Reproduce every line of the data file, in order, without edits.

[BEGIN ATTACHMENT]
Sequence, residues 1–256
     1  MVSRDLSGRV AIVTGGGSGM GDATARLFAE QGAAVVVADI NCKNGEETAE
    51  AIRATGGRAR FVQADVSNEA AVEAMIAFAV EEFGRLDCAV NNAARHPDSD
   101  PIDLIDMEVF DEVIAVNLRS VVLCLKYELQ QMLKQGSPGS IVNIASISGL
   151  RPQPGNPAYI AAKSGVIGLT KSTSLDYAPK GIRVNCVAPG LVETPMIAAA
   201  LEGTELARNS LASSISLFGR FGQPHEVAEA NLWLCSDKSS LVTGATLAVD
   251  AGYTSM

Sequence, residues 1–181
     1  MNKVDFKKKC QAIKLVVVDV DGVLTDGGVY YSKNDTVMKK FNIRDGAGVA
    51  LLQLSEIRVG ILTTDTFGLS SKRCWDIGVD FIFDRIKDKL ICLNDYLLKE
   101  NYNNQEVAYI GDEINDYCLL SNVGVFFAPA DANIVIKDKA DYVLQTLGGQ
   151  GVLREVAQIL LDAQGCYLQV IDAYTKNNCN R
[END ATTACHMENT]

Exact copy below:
Sequence, residues 1–256
     1  MVSRDLSGRV AIVTGGGSGM GDATARLFAE QGAAVVVADI NCKNGEETAE
    51  AIRATGGRAR FVQADVSNEA AVEAMIAFAV EEFGRLDCAV NNAARHPDSD
   101  PIDLIDMEVF DEVIAVNLRS VVLCLKYELQ QMLKQGSPGS IVNIASISGL
   151  RPQPGNPAYI AAKSGVIGLT KSTSLDYAPK GIRVNCVAPG LVETPMIAAA
   201  LEGTELARNS LASSISLFGR FGQPHEVAEA NLWLCSDKSS LVTGATLAVD
   251  AGYTSM

Sequence, residues 1–181
     1  MNKVDFKKKC QAIKLVVVDV DGVLTDGGVY YSKNDTVMKK FNIRDGAGVA
    51  LLQLSEIRVG ILTTDTFGLS SKRCWDIGVD FIFDRIKDKL ICLNDYLLKE
   101  NYNNQEVAYI GDEINDYCLL SNVGVFFAPA DANIVIKDKA DYVLQTLGGQ
   151  GVLREVAQIL LDAQGCYLQV IDAYTKNNCN R